Hero. I don’t think I could find a more appropriate word to describe my friend Matt. Although it may seem like a short time, the five years I knew Matt was all it took to discover a friendship I had hoped would last forever. Soon, there were five of us in a circle of friends that eventually went by the name of The Century 5, taken after our place of work where most of us had met for the first time. Out of the five within the group, I think Matt always remained the most open minded, down to earth, and inviting to anyone he came into contact with.
Through long days at work, road trips, countless hours at Denny’s and in front of the TV, our group had everything we needed. Through the years, jobs changed for many within the group, but the friendships always grew stronger.
I will never forget the phone call I received one afternoon in early February, from a number I did not recognize. The caller was Matt’s mom, and at first the thought of something wrong jumped in my mind, but was quickly dismissed as Matt was the last person I could imagine anything serious happening to. It took only seconds before I heard the bad news, and Matt’s mom breaking down in tears over the phone. I lost all train of thought and didn’t know what to think or how to handle what I’d hoped wasn’t true. I could only ask her more questions as to how and why it had happened. Letting the other guys know was no easy task, and I felt it only appropriate to go up and see for our selves what had really happened. We left the night we heard the news and met up with Matt’s family the following morning.
Going into that basement, was nowhere near as hard as seeing Matt for the last time at the funeral home. Our friend, whom we had only been used to seeing asleep on road trips, or at the conclusion of late night gatherings, had closed his eyes for the last time. I broke down outside the funeral home only minutes before we saw him, knowing that nothing we said directly to him that day would trigger a response, or joke of any kind. Inside, we stood with him for several minutes with his family, and then were also given the opportunity to mourn as a group. It was the last time the five of us would ever physically be in the same room again.
Leaving Chico that night, we left quietly, and didn’t really speak a word to each other on the way home. We were all thinking of our fondest memories, and at the same time disappointed at all the forthcoming memories we would be making the rest of our lives, memories we knew would now be without Matt.
This past summer, the group’s remaining four took another road trip, of which I don’t think a moment went by, without the thought of someone missing from the group. The fun we had could’ve been much more had Matt been with us.
Matt taught me many things about life, some of which were hard for me to prioritize at the time, or that I had taken for granted too often. He ALWAYS held his family and friends as his first priority above anything else in his life, and how he always managed to find time for all of us in addition to his studies and his job, is a method I wish I could’ve paid more attention to.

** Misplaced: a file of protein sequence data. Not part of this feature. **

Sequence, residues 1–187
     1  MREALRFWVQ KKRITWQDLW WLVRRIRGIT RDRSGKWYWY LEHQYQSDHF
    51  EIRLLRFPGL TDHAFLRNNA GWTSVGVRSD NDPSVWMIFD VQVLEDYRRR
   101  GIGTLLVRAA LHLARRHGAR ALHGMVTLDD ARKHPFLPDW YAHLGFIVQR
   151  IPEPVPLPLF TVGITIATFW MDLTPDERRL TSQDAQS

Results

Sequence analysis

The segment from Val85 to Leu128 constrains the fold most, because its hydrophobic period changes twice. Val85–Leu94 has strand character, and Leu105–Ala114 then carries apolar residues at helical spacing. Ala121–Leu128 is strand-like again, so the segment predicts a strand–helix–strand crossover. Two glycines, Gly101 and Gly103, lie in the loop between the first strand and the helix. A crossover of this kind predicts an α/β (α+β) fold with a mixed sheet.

We have been haunted every day with Matt’s death, but most sadly with the realization of every event he won’t be attending in the future: road trips, holidays, vacations, birthdays, graduations, weddings, newborns, the list can go on. What really stinks about the situation is that Matt didn’t choose to die, these guys on trial right here made the decision for him.
These guys on trial right now were all present at some point in that hellhole of a basement, which they created, the night leading up to Matt’s death. What upsets me the most from the facts and testimony involved in this trial are not the details of torture for which they put him through, it’s the details of the aftermath which bother me. They let Matt die alone, by himself, with no concern over anyone’s well being other than their own.
Where was the friend to watch over Matt after he passed out?
Where was the intelligence in calling for help when it could’ve actually helped Matt?
Where was the “BROTHER”, to be with Matt through his last breath? There was no one in the ambulance, and there was no one at the hospital. I can’t think of another action as cold or inhumane.
What were these guys all doing after the night got out of hand? They were probably all planning how to avoid the consequences of their actions that they knew might affect their future.
These guys have already proved to be true human definitions of what it takes to be selfish and cowardly, however, they need to discover the true meaning of a few words they’ve missed somewhere along the way. Let me be one of the first to educate:
BROTHERHOOD— The state or quality of being a brother
TRUST—————-To rely on, to believe in
RESPECT————To honor, or have consideration for
By allowing the defendants to walk away from this trial without consequences in hand, it shows no hope. No hope for a lesson to be taught, no hope for a lesson to be learned, and an open gate for more innocent lives to be lost in the future. What is it going to take to put a stop to this? A statement needs to be made on how unacceptable this behavior is, and what zero tolerance should stand for it.
Matt Carrington was a hero to all of us when he was alive, and now, although no longer with us in physical form, he remains a hero in our hearts—-always and forever, as his spirit lives on in all who were connected with him.